Pilot Sent To Hospital After Plane Crashes Into Ocean

By on October 16, 2018 in WNDB News

UPDATE (10-17-18):  NTSB officials put the plane on a trailer at about 10 a.m. today and have taken it off the beach.

Earlier reporting below.

UPDATE (10-16-18): Beach Safety Captain Tammy Malphurs has now identified the pilot as 75-year=old Richard Goosman.

“The pilot advised he ran out of fuel,” Malphurs added. “He was flying from North Carolina.”

The plane itself will remain on the beach until at least tomorrow, when it will be picked up by the National Transportation Safety Board and delivered to the Federal Aviation Administration for its investigation.

Earlier reporting below.

Daytona Beach Shores, FL – Federal and local investigators are now trying to figure out why a small airplane crashed in the Atlantic Ocean this afternoon in Daytona Beach Shores, sending its pilot to the hospital.

The crash happened around 2:30 p.m near Larry Fornari Jr. Park on State Road A1A, according to officials with Volusia County Beach Safety.

VCBS Captain Tammy Malphurs tells us the pilot – who has yet to be identified – did not complain to first responders of any medical or mechanical issues which might have forced the emergency landing.

“He was conscious and alert at the time when he was brought in [from the plane to shore],” Malphurs added. “We have no idea what happened to him. He said he never lost consciousness. He didn’t say anything about why it went down or where he was going or where he was coming from.”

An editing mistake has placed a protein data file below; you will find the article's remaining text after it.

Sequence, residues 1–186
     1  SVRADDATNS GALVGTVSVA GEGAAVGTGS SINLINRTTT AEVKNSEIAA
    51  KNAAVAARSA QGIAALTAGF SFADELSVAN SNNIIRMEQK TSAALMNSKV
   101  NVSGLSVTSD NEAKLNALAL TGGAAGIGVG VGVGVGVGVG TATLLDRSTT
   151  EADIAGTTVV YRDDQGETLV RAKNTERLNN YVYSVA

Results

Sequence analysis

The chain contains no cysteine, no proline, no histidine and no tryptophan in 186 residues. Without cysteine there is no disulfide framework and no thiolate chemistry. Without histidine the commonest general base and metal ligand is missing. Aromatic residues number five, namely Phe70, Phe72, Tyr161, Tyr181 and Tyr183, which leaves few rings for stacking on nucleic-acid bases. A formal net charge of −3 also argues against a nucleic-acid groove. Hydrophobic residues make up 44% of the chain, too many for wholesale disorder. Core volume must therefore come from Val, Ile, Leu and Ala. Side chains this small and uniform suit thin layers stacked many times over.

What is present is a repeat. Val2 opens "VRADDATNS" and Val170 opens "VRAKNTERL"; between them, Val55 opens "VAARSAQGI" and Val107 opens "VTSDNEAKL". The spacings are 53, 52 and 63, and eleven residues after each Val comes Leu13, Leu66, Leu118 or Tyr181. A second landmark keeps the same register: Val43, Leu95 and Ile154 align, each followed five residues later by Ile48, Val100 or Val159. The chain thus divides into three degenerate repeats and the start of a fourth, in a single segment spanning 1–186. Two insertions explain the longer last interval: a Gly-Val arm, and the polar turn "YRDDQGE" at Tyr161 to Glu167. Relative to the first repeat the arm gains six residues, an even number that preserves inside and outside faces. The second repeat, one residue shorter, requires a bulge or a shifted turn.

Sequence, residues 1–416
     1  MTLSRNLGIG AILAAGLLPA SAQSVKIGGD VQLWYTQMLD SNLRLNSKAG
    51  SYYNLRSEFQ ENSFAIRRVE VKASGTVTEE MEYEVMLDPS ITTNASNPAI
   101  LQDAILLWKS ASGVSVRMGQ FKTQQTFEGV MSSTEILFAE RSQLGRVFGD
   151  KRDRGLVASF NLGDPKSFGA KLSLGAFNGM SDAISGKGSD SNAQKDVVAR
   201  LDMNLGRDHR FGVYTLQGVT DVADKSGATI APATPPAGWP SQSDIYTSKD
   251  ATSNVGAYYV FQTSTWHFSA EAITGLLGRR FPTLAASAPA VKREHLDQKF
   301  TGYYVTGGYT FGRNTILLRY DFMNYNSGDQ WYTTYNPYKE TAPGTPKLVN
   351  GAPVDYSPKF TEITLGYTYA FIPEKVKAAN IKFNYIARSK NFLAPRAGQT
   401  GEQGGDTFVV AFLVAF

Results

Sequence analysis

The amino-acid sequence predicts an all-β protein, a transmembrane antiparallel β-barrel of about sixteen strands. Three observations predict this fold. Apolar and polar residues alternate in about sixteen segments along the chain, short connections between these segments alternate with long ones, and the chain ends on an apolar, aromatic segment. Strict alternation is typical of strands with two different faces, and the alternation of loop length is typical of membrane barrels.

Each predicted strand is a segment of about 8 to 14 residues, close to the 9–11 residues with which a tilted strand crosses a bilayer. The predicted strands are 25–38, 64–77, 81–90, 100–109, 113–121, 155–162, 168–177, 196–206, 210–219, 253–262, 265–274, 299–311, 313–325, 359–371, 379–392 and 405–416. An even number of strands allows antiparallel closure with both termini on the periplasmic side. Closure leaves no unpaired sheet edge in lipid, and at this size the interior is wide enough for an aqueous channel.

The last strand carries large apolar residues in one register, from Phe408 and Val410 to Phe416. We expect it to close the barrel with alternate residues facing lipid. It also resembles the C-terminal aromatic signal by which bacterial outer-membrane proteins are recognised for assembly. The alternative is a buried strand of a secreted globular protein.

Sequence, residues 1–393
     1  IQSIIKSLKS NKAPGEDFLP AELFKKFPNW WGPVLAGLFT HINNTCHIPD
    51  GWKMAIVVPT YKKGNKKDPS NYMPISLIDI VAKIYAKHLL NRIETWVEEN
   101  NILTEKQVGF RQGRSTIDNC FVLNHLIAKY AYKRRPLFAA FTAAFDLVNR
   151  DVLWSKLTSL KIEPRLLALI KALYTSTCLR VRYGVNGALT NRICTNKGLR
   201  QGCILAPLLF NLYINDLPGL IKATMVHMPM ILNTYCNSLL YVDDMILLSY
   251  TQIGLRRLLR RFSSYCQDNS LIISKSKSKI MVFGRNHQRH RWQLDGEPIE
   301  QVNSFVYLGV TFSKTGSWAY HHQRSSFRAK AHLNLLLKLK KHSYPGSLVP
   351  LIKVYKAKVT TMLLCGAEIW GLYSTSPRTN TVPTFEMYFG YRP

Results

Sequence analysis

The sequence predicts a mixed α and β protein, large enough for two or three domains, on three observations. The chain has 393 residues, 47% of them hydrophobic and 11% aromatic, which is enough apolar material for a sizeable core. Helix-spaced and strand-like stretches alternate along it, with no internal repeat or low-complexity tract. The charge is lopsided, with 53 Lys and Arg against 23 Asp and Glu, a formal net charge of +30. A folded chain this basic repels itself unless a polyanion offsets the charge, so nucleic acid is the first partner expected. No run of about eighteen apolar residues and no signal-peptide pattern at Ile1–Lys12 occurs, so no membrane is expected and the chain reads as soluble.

No injuries were reported to the pilot. He was taken to the hospital as a precaution after lifeguards found him hanging onto one the aircraft’s wings following the crash.

One of the small plane’s wings broke apart during the landing, which also caused a big crack in the bottom of the plane, likely from where it hit the water.

Eric Black – a beachgoer – was with his mildly autistic son in the water when the plane flew close by.

“I could see the plane coming in low,” Black added. “It was coming down gradually and I was trying to get his [son’s] attention because it was coming right at us. Before it got to us, the front wheel hit the water, and as soon as it did, it just kind of nose-dived in.”

Malphurs says the plane hit the water away from the area where the waves break, forcing lifeguards to swim out and use jet skis and boats to reach the pilot. One of those jet skis, along with some Beach Safety vehicles on-shore, eventually brought the plane to the shore, using a rope to drag it in.

Crime scene tape soon surrounded the plane, a move Malphurs says was necessary because the Federal Aviation Administration will be sending investigators to go over the plane and determine if it had some sort of malfunction while in flight.

Those investigators are expected to arrive on scene before the end of the day, but it may take longer than that to get the plane off the sand, per Malphurs.

Subscribe

If you enjoyed this article, subscribe now to receive more just like it.

Comments are closed.

Top